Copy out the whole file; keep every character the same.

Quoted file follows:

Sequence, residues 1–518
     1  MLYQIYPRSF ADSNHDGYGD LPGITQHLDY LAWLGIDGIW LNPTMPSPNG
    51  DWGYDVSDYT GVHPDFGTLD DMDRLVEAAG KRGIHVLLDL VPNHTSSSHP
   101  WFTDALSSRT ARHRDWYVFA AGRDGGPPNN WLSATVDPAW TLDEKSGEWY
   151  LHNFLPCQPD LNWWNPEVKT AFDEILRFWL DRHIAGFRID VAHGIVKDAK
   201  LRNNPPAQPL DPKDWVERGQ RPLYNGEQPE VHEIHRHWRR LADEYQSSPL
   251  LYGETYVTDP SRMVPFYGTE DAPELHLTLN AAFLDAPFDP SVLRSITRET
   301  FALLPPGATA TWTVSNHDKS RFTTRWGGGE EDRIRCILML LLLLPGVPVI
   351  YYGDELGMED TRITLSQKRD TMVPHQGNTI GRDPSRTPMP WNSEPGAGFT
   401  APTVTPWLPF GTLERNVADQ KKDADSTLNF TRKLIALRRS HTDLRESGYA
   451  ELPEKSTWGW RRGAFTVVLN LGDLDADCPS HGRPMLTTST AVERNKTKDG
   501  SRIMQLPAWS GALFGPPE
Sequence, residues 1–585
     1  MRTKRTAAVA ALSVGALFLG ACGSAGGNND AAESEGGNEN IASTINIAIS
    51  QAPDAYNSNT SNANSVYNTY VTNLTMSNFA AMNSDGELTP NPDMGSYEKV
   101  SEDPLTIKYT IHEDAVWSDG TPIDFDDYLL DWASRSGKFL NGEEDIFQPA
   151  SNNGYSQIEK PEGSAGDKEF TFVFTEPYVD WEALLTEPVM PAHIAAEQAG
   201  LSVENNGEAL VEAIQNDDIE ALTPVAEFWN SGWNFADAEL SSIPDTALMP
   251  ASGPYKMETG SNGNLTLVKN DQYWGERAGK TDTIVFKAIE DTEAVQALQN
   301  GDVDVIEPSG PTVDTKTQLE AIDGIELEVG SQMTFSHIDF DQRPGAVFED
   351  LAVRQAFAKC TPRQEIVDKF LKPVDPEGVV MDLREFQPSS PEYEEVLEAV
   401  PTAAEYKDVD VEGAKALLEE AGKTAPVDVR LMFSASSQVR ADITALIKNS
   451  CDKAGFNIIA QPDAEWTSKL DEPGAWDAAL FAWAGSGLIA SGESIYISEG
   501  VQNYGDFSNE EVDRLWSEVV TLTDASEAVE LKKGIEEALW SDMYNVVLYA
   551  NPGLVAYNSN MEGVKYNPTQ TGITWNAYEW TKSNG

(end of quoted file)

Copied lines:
Sequence, residues 1–518
     1  MLYQIYPRSF ADSNHDGYGD LPGITQHLDY LAWLGIDGIW LNPTMPSPNG
    51  DWGYDVSDYT GVHPDFGTLD DMDRLVEAAG KRGIHVLLDL VPNHTSSSHP
   101  WFTDALSSRT ARHRDWYVFA AGRDGGPPNN WLSATVDPAW TLDEKSGEWY
   151  LHNFLPCQPD LNWWNPEVKT AFDEILRFWL DRHIAGFRID VAHGIVKDAK
   201  LRNNPPAQPL DPKDWVERGQ RPLYNGEQPE VHEIHRHWRR LADEYQSSPL
   251  LYGETYVTDP SRMVPFYGTE DAPELHLTLN AAFLDAPFDP SVLRSITRET
   301  FALLPPGATA TWTVSNHDKS RFTTRWGGGE EDRIRCILML LLLLPGVPVI
   351  YYGDELGMED TRITLSQKRD TMVPHQGNTI GRDPSRTPMP WNSEPGAGFT
   401  APTVTPWLPF GTLERNVADQ KKDADSTLNF TRKLIALRRS HTDLRESGYA
   451  ELPEKSTWGW RRGAFTVVLN LGDLDADCPS HGRPMLTTST AVERNKTKDG
   501  SRIMQLPAWS GALFGPPE
Sequence, residues 1–585
     1  MRTKRTAAVA ALSVGALFLG ACGSAGGNND AAESEGGNEN IASTINIAIS
    51  QAPDAYNSNT SNANSVYNTY VTNLTMSNFA AMNSDGELTP NPDMGSYEKV
   101  SEDPLTIKYT IHEDAVWSDG TPIDFDDYLL DWASRSGKFL NGEEDIFQPA
   151  SNNGYSQIEK PEGSAGDKEF TFVFTEPYVD WEALLTEPVM PAHIAAEQAG
   201  LSVENNGEAL VEAIQNDDIE ALTPVAEFWN SGWNFADAEL SSIPDTALMP
   251  ASGPYKMETG SNGNLTLVKN DQYWGERAGK TDTIVFKAIE DTEAVQALQN
   301  GDVDVIEPSG PTVDTKTQLE AIDGIELEVG SQMTFSHIDF DQRPGAVFED
   351  LAVRQAFAKC TPRQEIVDKF LKPVDPEGVV MDLREFQPSS PEYEEVLEAV
   401  PTAAEYKDVD VEGAKALLEE AGKTAPVDVR LMFSASSQVR ADITALIKNS
   451  CDKAGFNIIA QPDAEWTSKL DEPGAWDAAL FAWAGSGLIA SGESIYISEG
   501  VQNYGDFSNE EVDRLWSEVV TLTDASEAVE LKKGIEEALW SDMYNVVLYA
   551  NPGLVAYNSN MEGVKYNPTQ TGITWNAYEW TKSNG